Global Agriculture Trading Firm Meets Tight Regulatory Deadlines with K3
- Met regulatory deadlines with limited staff and expense
- Deployed flexible technology which delivered future changes with ease
- Enabled analysts to easily oversee 15 minute reporting obligations
Faced with tight regulatory deadlines, a Fortune 500 agriculture and trading firm needed to assemble a central store of trade data from multiple sources, apply a complex set of rules against them, then convert data to a new standard before submitting to regulators. Highly regulated due to their size, they have a 15 minute reporting deadline for trades as well as strict record keeping standards.
Every transaction needed to be interpreted according to a set of rules and then converted (ETL) to a standard reporting format, irrespective of the originating system. The firm knew what needed to be done but how was not quite as clear, especially in the face of technical staff bandwidth constraints. While bespoke solutions could have been delivered by numerous consultancies, the firm sought a solution with low maintenance that could be operated by teams who understood the meaning of trade data and the regulations. Thus alleviating the need to involve technical staff for ongoing changes.
The firm elected to self-implement K3 with guidance from BroadPeak staff. A team was assembled with 1 developer, 1 business analyst, 1 regulatory advisor (part-time) and 1 project manager (part-time) along with a BroadPeak analyst. K3 managed the entire workflow from gathering raw internal trades, filtering them through regulatory rules, submitting them to repositories in real-time and finally bringing back success and error responses for each message. This fulfilled both operational workflows as well as compliance record-keeping requirements.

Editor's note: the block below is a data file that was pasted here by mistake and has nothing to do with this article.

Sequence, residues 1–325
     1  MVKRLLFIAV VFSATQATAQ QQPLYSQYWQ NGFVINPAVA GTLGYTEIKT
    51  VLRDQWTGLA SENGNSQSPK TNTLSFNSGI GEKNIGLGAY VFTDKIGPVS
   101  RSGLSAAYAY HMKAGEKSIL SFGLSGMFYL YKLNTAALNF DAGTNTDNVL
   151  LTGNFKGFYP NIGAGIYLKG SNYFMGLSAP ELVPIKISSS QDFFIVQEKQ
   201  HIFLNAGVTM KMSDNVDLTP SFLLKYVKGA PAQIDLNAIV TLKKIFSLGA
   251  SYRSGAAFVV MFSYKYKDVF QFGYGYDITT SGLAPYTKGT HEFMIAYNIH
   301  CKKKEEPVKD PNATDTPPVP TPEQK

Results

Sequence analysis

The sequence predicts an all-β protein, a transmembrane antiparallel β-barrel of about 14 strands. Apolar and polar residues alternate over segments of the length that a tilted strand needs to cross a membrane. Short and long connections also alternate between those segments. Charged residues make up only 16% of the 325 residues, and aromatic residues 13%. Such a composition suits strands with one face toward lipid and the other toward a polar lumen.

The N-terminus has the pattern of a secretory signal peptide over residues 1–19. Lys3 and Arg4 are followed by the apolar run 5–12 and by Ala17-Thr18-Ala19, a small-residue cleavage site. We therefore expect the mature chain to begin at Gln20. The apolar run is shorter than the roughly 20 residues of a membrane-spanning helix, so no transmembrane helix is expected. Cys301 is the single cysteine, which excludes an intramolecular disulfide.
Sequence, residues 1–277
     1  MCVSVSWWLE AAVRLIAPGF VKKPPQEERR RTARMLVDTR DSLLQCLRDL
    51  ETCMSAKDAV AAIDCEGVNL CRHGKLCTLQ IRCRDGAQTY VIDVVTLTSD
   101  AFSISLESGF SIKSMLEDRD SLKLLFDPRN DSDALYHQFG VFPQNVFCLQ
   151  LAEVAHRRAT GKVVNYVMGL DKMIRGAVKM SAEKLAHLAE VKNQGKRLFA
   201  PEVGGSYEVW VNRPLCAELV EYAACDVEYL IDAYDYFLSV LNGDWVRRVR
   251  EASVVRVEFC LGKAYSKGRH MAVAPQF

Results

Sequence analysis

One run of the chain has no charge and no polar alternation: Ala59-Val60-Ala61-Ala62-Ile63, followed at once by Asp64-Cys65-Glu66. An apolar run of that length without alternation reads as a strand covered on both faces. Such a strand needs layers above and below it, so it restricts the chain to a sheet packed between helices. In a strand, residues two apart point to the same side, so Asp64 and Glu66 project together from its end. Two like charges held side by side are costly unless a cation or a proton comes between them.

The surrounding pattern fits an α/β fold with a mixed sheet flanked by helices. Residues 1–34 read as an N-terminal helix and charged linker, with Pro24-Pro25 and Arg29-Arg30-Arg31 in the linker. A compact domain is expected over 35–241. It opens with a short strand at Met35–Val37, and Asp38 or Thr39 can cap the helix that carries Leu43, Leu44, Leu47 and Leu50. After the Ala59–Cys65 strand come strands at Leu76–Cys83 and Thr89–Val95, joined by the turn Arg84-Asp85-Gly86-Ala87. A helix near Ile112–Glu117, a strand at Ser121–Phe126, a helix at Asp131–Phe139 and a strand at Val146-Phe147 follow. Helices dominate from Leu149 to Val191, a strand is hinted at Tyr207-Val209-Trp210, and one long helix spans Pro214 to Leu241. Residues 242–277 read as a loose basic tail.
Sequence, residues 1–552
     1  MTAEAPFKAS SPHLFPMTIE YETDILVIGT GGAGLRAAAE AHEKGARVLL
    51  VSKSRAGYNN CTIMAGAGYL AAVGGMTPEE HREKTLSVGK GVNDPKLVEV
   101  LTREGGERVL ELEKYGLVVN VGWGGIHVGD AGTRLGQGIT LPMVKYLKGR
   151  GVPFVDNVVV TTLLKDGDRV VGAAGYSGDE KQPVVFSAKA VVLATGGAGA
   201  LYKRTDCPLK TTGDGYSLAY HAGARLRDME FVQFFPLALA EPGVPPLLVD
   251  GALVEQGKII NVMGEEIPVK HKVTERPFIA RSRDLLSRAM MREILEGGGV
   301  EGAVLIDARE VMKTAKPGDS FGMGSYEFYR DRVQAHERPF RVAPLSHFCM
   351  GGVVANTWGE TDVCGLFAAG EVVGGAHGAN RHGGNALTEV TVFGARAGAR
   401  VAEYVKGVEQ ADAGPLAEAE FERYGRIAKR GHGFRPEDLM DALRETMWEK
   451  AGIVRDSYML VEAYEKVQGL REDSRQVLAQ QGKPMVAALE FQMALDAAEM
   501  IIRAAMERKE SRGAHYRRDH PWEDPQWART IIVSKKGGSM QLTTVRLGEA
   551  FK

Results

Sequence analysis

By driving the initiative internally, the firm was assured their staff would be able to manage the process post go-live and keep costs down. Selecting standard off-the-shelf software minimized project delivery risk and assured the firm of support and new features in the future.
With less staff and expense than comparable projects, the firm was able to successfully build out trade reporting capabilities.
After 18 months of operation, the internal central trade store needed to be decommissioned for technical reasons; it was only used initially to meet tight deadlines. With 3 people over a 2 months effort, the setup was reconfigured, tested, and pushed to production. We estimate that the firm avoided $655,000 in development costs and the equivalent of 1.5 full-time employees for the ongoing maintenance of this integration. The initial decision to use a standard product continues to pay off.